Pollux Properties – was impressed by its property when visiting Semarang 3 years ago during our holiday trip. I also like the Louis Kienne serviced residence in Havelock Road. Like the serviced residence even more after staying there for a couple of nights. The stock is definitely undervalued. However it remains to be unknown when the value can be unlocked. This is extremely illiquid counter with no dividend. Patience will (may) get rewarded
Accordia Gold Trust – attracted by its high yield (>7%). The counter pays dividend semi-annually every June & December. Purchased Accordia when I was taking golf lesson weekly. I like the idea of getting my golf lesson paid by the Accordia dividend.
San Teh – initially purchased based on expectation on one-time large dividend. This is an asset play.
Frasers HTrust – wife’s pick… exposure to hospitality sector with hotels & residences spread across Asia & Europe.
Global Investment – it is linked to Temasek Holdings. Purchased mainly for its dividend. High dividend yield ~10% at our cost base.
Casa Holdings – initially thought to be undervalued stock. The company then decided to expand into property development in Malaysia. With the oversupply situation in Iskandar Malaysia, on hindsight the company should’ve just stick to its expertise as home appliances distributor.
Shell – High yield (7%, before US withholding tax). Dividend has been stable. Big multinational oil & gas company with long history. Expect increasing demand for LNG and energy in the near future.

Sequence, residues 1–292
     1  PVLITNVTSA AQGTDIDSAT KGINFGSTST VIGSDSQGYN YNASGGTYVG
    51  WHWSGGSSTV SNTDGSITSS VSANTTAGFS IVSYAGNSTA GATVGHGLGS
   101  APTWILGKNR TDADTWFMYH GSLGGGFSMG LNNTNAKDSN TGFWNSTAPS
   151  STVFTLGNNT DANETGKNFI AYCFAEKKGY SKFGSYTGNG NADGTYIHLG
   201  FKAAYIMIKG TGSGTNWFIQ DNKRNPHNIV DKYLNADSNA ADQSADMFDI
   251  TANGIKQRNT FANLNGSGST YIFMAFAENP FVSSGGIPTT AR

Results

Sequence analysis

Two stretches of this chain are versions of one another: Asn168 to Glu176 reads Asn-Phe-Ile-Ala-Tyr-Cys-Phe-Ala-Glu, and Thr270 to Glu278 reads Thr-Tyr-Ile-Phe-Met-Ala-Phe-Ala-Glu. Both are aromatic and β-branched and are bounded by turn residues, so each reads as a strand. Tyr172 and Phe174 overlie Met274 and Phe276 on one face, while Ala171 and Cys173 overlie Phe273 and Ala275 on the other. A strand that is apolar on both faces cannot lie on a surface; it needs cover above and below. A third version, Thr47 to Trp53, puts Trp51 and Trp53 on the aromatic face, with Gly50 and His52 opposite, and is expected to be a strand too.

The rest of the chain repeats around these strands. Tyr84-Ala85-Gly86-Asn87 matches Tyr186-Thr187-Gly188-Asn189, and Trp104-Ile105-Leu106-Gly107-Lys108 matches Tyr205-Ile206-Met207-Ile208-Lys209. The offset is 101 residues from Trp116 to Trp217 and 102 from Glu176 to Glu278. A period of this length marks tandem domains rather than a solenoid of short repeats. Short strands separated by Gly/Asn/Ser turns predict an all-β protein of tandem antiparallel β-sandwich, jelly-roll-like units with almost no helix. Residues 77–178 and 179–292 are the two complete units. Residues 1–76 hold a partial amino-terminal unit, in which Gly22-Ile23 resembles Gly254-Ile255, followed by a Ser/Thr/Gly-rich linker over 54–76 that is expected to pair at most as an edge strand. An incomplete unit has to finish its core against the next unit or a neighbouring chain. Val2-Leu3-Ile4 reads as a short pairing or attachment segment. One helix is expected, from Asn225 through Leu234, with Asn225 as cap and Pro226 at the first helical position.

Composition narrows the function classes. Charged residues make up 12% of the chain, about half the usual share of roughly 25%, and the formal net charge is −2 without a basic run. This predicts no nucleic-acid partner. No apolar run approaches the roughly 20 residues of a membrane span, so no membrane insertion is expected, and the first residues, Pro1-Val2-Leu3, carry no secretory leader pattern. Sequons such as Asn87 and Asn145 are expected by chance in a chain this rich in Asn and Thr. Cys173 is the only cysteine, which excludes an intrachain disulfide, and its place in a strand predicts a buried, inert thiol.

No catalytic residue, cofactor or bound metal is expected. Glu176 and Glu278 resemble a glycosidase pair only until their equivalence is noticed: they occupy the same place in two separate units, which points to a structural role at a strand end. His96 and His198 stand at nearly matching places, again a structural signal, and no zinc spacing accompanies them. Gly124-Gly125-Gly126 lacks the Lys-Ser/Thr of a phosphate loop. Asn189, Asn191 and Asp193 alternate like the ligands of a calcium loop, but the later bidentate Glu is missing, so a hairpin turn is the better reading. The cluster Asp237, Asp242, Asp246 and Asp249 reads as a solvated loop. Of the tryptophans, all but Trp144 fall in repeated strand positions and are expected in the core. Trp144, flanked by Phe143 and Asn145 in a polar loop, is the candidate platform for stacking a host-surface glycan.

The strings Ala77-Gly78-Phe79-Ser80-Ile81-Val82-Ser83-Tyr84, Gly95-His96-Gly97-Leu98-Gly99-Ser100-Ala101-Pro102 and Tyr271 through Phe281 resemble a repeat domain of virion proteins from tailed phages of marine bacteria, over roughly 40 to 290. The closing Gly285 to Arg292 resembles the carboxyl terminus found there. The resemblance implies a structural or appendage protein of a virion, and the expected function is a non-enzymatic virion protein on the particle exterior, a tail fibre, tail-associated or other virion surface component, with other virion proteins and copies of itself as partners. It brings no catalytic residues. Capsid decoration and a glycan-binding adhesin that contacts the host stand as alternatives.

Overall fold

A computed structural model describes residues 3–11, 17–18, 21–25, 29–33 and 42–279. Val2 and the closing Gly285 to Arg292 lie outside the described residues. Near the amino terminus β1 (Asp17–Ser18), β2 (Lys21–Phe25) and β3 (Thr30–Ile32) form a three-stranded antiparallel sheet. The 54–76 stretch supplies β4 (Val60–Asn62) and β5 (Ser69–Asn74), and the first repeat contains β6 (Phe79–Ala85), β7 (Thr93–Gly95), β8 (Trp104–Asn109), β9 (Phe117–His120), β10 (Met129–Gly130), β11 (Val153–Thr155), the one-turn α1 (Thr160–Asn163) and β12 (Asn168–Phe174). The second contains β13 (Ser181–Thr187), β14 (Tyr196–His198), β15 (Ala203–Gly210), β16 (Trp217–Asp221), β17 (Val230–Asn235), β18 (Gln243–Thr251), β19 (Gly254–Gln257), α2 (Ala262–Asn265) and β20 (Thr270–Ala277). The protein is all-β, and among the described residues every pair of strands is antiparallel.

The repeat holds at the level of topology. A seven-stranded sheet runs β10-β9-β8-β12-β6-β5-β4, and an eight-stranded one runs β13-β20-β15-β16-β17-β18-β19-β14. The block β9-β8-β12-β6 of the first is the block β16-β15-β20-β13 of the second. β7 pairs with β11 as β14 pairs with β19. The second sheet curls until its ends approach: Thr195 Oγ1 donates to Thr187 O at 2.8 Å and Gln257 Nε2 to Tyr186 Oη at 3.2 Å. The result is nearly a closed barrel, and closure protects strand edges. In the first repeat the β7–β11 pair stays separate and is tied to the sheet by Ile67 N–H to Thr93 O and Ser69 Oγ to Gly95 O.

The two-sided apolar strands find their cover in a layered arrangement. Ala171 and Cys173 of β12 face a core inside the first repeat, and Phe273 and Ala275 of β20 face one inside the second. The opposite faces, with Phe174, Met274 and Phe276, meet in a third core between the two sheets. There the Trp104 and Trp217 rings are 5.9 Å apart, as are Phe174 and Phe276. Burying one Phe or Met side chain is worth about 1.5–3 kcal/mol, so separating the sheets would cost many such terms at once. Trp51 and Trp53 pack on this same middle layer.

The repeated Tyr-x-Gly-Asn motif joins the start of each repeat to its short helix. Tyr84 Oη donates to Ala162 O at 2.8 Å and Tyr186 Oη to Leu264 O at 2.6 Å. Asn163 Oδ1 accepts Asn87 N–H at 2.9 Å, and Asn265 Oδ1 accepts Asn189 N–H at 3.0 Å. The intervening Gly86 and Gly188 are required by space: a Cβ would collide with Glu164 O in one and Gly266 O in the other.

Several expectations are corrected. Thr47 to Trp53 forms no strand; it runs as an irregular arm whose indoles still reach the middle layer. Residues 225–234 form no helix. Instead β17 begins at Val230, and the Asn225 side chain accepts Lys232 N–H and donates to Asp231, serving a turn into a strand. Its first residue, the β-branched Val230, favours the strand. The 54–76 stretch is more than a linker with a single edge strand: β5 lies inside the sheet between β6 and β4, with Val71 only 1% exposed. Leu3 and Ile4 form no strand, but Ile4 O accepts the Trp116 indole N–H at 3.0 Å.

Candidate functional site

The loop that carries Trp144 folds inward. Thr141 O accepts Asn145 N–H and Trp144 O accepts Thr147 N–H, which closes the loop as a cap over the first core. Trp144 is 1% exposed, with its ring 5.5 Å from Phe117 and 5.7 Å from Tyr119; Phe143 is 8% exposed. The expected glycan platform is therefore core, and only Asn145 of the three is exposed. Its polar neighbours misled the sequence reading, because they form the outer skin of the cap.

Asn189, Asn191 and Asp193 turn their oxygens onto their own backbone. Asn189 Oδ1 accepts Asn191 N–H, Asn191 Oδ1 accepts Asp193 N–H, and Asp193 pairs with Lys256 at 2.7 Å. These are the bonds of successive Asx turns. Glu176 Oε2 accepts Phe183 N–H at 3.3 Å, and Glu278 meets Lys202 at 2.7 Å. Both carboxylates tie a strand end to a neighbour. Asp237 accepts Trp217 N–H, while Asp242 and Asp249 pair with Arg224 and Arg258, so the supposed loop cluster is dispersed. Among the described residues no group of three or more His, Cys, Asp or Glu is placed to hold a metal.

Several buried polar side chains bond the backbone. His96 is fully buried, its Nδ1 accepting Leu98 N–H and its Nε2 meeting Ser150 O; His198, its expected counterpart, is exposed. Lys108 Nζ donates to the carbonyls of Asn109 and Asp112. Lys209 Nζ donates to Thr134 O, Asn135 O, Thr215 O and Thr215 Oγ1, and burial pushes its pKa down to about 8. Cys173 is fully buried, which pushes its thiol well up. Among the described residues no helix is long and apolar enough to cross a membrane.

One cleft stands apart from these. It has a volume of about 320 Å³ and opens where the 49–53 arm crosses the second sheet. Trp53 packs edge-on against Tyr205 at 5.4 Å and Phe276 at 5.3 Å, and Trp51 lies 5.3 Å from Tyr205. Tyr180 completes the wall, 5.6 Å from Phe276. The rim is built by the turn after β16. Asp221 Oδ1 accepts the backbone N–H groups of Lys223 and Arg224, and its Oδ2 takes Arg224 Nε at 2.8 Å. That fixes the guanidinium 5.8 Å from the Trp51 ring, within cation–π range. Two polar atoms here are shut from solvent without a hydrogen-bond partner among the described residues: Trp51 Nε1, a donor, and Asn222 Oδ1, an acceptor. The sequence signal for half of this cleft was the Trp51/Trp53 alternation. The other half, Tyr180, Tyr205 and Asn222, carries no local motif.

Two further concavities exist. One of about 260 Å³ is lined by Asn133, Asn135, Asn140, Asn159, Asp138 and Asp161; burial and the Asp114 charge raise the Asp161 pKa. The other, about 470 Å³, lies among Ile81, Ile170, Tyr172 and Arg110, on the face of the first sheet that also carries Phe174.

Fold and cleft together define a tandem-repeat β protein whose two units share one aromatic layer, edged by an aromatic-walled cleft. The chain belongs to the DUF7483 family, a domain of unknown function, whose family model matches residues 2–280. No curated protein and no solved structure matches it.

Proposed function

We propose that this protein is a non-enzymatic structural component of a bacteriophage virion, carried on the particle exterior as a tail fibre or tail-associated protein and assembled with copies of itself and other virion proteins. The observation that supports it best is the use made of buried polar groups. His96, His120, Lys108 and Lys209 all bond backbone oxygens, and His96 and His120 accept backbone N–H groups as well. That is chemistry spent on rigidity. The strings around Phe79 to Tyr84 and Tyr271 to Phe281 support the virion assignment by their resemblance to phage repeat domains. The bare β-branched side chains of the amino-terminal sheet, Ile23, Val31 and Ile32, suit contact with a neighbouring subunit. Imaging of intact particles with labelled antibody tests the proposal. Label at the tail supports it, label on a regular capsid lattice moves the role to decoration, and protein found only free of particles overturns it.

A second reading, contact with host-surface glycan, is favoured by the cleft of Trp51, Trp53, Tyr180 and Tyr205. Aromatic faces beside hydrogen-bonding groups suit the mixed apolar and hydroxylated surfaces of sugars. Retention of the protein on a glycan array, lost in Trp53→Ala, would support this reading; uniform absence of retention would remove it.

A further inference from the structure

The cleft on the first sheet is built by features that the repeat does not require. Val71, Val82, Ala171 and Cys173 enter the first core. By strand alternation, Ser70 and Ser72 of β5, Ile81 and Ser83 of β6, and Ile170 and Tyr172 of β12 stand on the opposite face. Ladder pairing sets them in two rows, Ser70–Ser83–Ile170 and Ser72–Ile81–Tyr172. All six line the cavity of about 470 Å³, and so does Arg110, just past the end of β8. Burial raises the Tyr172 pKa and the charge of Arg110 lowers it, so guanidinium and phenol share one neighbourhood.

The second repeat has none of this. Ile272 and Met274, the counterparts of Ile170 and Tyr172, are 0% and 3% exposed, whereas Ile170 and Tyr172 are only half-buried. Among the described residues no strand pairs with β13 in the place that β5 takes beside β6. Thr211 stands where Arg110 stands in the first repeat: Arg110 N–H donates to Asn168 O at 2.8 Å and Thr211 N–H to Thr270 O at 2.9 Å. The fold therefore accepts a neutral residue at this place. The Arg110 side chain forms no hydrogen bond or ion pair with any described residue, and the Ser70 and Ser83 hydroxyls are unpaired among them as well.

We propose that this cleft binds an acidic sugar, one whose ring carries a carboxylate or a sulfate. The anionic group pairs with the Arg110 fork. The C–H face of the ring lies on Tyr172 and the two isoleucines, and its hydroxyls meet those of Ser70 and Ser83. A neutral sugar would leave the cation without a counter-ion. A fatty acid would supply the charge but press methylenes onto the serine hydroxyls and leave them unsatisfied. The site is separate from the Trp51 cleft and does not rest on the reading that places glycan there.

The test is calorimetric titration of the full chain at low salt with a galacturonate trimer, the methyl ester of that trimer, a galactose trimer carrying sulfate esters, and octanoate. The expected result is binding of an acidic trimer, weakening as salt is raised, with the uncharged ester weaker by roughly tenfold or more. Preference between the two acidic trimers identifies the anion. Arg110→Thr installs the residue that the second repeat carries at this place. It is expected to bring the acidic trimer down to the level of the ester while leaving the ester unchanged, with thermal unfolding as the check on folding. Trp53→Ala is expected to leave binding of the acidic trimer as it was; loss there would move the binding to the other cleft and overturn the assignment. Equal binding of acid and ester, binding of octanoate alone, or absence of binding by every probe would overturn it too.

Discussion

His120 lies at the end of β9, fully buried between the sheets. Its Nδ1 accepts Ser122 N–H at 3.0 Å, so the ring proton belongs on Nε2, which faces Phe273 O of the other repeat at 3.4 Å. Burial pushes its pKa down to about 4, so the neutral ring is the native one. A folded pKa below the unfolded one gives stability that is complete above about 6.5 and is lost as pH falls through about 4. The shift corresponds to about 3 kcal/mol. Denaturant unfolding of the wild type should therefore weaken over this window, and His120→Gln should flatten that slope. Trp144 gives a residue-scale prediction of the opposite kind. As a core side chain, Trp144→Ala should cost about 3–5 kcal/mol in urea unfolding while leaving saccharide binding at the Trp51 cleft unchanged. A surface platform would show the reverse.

Teva Pharmaceuticals – purchased as price was close/at 5 year low. Initiated coverage to Pharmaceuticals companies.
Overall, the portfolio is a mixed bag of consistent performers and some counters which can be considered for divestment. Total of 14 counters in the portfolio remains manageable. There is opportunity to reduce the number of counters & concentrate into few strong players.
On a separate note, I’m also on-board the idea of having child’s portfolio. The portfolio focuses on long term. This is meant to be buy-and-hold strategy. Hence, the companies selected is a mixed combination of relatively-safe high yield counters and large companies with high potential or catalyst.
The long term objective of this child’s portfolio is to cover 100% full year tuition’s fee with annual dividend. Hopefully, by the time he’s entering primary school age, the annual dividend would be sufficient to cover his school fees. Until then, dividend received will be automatically reinvested into the portfolio.